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Homework Help: Simplifying Absolute Values

  1. Oct 17, 2012 #1
    1. The problem statement, all variables and given/known data

    a) [tex]\sqrt{x^6}[/tex]
    b) [tex]8 \sqrt{x^7y^{10}} - 10 \sqrt{x^7y^{10}}[/tex]

    For b, it's y^10. I can't make it look right for some reason.
    Mod note: Fixed the exponent.

    2. Relevant equations

    3. The attempt at a solution
    I can simplify all of them but I don't know when or where I need to put in absolute value symbols to the solution. I know the solution because my book shows me, but I don't understand why the absolute values are where they are.

    For instance, the solution to a is [tex]|x^3|[/tex] but I can only get to [tex]x^3[/tex] without becoming confused.
    For b, i can get to [tex]-2x^3y^5 \sqrt{x}[/tex] but the solution is [tex]-2x^3|y^5| \sqrt{x}[/tex]
    So how do you know when an absolute value is required?
    Last edited by a moderator: Oct 17, 2012
  2. jcsd
  3. Oct 17, 2012 #2


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    Use y^{10}
    [itex]\displaystyle \sqrt{u^2}=|u|[/itex]

    Also, remember that if n is a positive integer, then [itex]u^{2n}\ge0\,,[/itex] so there is no need to use absolute value.
  4. Oct 17, 2012 #3
    So in my scenario, x has to be positive because it's still underneath the square root so I don't need to put an absolute value around x^3, whereas y can be either positive or negative because it's not still beneath the square root so an absolute value is required?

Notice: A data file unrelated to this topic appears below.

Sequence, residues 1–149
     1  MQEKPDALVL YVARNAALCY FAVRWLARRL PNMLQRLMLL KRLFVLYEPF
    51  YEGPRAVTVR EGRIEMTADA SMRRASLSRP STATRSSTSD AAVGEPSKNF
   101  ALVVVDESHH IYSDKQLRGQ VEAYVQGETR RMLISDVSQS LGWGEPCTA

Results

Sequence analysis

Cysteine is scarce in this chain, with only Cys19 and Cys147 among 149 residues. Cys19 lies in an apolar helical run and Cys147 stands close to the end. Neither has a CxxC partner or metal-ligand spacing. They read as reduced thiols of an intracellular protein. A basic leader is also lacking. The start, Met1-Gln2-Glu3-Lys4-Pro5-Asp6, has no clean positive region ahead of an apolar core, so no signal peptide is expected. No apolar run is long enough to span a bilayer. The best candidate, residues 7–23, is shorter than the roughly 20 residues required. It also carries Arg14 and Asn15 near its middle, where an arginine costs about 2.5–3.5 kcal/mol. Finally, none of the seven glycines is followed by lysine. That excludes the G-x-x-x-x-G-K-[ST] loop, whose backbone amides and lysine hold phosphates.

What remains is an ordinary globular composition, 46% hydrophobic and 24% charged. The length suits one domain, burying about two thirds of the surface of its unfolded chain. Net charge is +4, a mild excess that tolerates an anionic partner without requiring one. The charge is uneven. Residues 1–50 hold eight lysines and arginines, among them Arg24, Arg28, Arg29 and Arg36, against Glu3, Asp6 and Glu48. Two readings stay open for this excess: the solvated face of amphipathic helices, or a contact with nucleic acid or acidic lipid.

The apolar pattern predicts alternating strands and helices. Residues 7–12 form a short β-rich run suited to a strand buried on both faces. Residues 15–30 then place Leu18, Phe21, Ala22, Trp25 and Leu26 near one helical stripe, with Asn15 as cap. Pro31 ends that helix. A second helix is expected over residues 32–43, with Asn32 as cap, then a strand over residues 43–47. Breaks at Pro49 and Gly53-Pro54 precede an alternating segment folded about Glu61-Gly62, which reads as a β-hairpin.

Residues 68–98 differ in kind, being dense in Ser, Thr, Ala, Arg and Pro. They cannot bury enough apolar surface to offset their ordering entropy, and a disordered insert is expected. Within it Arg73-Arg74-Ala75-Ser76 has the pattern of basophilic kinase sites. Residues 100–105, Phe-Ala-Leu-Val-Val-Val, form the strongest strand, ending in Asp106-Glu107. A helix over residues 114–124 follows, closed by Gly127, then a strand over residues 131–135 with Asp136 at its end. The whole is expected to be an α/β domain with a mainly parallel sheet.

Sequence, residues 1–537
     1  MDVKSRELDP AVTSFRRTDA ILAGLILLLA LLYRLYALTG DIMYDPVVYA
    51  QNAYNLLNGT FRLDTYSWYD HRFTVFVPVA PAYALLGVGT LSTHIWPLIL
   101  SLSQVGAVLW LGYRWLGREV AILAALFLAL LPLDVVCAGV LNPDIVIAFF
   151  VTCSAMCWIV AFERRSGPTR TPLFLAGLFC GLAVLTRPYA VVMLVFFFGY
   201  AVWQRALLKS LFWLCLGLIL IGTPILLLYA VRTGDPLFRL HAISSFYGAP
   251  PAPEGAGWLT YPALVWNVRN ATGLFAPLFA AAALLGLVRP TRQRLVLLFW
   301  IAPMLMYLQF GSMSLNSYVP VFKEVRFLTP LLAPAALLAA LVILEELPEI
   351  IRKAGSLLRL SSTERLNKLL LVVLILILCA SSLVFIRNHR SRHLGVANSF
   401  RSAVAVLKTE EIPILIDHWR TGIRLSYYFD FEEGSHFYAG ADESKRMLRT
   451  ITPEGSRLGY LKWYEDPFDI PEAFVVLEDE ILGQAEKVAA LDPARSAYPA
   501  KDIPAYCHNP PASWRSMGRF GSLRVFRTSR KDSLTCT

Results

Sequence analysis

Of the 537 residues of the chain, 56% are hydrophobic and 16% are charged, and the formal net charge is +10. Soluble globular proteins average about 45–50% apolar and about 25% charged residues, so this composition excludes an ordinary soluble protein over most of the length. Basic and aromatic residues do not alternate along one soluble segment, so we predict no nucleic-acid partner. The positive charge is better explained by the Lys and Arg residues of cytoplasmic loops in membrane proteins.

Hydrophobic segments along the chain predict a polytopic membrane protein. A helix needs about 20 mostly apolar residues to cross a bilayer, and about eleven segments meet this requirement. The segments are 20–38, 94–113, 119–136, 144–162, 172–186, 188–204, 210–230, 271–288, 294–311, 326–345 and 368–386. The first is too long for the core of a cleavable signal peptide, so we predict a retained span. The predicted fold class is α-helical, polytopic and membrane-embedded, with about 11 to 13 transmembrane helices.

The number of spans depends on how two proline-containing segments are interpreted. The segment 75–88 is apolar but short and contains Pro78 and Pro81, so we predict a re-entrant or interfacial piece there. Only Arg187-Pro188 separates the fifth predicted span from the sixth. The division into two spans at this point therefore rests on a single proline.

5. Oct 17, 2012 #4


    Staff: Mentor

    No. x can be any real number.

    Like SammyS said,
    $$ \sqrt{x^2} = |x|$$

    $$ \sqrt{x^6} = \sqrt{(x^3)^2} = |x^3|$$

    This is also the same as |x|3.
  6. Oct 17, 2012 #5


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    Which scenario ?

    If x is to an even power, that result is non-negative. So that can be under a radical -- actually one signifying a square root -- no matter what value x has.
  7. Oct 17, 2012 #6
    I was referring to question b. Do you mean if x has an even power in the initial equation or in the solution?
  8. Oct 17, 2012 #7
    Oh wow, I think it makes sense now. Seeing the step between x^6 and |x^3| was really helpful. I wasn't writing that step down, I was simply skipping to the final step. Thanks a bunch.
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